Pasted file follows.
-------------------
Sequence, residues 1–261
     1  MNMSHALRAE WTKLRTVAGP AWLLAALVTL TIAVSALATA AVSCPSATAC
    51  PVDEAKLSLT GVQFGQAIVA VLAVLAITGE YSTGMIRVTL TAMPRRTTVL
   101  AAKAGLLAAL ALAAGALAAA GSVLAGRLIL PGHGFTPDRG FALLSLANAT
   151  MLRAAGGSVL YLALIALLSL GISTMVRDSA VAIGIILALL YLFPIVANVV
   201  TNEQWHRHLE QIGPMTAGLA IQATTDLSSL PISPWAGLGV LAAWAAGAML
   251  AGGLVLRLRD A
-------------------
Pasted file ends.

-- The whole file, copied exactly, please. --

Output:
Sequence, residues 1–261
     1  MNMSHALRAE WTKLRTVAGP AWLLAALVTL TIAVSALATA AVSCPSATAC
    51  PVDEAKLSLT GVQFGQAIVA VLAVLAITGE YSTGMIRVTL TAMPRRTTVL
   101  AAKAGLLAAL ALAAGALAAA GSVLAGRLIL PGHGFTPDRG FALLSLANAT
   151  MLRAAGGSVL YLALIALLSL GISTMVRDSA VAIGIILALL YLFPIVANVV
   201  TNEQWHRHLE QIGPMTAGLA IQATTDLSSL PISPWAGLGV LAAWAAGAML
   251  AGGLVLRLRD A